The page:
You can find the TCPDump Tool at Tools → TCPDump.
This tool is a packet analyzer that displays TCP/IP and other packets which are transmitted and received over the network.
The information is shown in real time in your browser.
You can specify the interface and the IP Protocol, v4 or v6. The count determines, after how many packets it stops. With packet length you can specify the number of bytes it will capture for each package. The default is 0 which will capture everything. A detail level can also be configured, which is set to normal by default. There is also the possibility to add additional filters by protocol, IP address, port or mac address. Those filters can be connected via logical operators like and, or and not.
You can also download the trace afterwards if you enable the Save to File option before you start tcpump.
The output could look like this:
tcpdump: listening on any, link-type LINUX_SLL (Linux cooked), capture size 262144 bytes 12:51:21.060482 IP (tos 0x0, ttl 64, id 3784, offset 0, flags [DF], proto TCP (6), length 162) vtair.localhost.hq.voleatech.com.8000 > IT1.hq.voleatech.com.57318: Flags [P.], cksum 0x92ec (incorrect -> 0xbd6a), seq 2584698705:2584698827, ack 1786006290, win 120, length 122 12:51:21.100800 IP (tos 0x0, ttl 127, id 26583, offset 0, flags [DF], proto TCP (6), length 40) IT1.hq.voleatech.com.57318 > vtair.localhost.hq.voleatech.com.8000: Flags [.], cksum 0x66f0 (correct), seq 1, ack 122, win 2052, length 0 12:51:21.365874 IP (tos 0x0, ttl 64, id 46612, offset 0, flags [DF], proto ICMP (1), length 28) vtair.localhost.hq.voleatech.com > 192.168.10.1: ICMP echo request, id 0, seq 17114, length 8 12:51:21.365959 IP (tos 0x0, ttl 64, id 0, offset 0, flags [DF], proto ICMP (1), length 28) 192.168.10.1 > vtair.localhost.hq.voleatech.com: ICMP echo reply, id 0, seq 17114, length 8 12:51:21.384065 ARP, Ethernet (len 6), IPv4 (len 4), Request who-has 192.168.10.143 tell pfSensedev.dev.hq.voleatech.com, length 46 12:51:21.396593 IP (tos 0x0, ttl 64, id 14672, offset 0, flags [DF], proto TCP (6), length 91)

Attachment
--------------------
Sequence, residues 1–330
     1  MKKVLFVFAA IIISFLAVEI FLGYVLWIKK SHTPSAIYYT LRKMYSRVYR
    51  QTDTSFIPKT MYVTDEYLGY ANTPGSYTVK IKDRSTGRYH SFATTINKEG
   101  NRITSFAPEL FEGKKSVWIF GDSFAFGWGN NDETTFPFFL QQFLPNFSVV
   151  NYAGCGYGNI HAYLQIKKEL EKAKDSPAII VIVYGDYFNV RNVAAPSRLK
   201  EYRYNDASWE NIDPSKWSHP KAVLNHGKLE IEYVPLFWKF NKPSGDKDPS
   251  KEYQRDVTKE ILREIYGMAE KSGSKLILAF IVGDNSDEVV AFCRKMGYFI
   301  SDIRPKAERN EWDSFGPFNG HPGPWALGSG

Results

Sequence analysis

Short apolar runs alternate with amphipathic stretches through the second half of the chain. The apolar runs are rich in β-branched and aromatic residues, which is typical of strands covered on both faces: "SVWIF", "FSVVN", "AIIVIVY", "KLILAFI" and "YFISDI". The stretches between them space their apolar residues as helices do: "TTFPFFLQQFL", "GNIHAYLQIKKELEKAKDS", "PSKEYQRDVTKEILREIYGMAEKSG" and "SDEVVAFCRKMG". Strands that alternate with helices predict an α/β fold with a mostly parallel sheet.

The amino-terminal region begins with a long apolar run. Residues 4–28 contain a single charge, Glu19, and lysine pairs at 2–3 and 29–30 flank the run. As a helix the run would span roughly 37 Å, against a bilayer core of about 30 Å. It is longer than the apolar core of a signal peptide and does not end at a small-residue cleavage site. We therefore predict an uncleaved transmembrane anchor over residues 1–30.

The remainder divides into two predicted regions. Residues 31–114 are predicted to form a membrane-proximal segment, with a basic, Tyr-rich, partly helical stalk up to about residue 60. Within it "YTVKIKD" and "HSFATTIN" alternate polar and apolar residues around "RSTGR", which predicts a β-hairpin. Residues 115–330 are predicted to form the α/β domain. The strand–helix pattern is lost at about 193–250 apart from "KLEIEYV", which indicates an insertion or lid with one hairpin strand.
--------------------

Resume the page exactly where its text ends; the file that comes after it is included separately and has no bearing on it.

With TCPdump you can analyze the communication on your network in great detail. If you’re only interested in the communication of a specific host you can specify its IP address in the filter section. This way you’re given all the packets that are sent and received by this host.
If you’re only interested in the traffic of a specific host relating to a specific port/protocol you can also specify the port number in the filtering section. This way you can customize your TCPdump request and get a much cleaner result that is a lot easier to interpret.
20.13.1. Troubleshooting via TCPDump¶
You can also access the TCPDump feature via the Console. To do this, log in to your VT AIR device via SSH or via a serial connection (see Console Access for more details). Once you are logged in, type shell to access the Shell.
Type the command
nohup tcpdump -i INT -w /var/tmp/packetcapture.pcap -W 3 -C 10 -n host IPADDRESS and port PORT &
with INT being the physical interface (for example eth1), IPADDRESS being the IP address of the host you want to observe the connection with and PORT being the port of the connection you want to observe. This creates a maximum of three files with 10MB (rotating). You can analyze the files later on.
to end the process. Afterwards you can look at the results by loading the file into Wireshark or by typing
tcpdump -r /var/tmp/packetcapture.pcap0 -n -vvvv -XX
This is very helpful to find sporadic connection or network problems that can not be reproduced right away.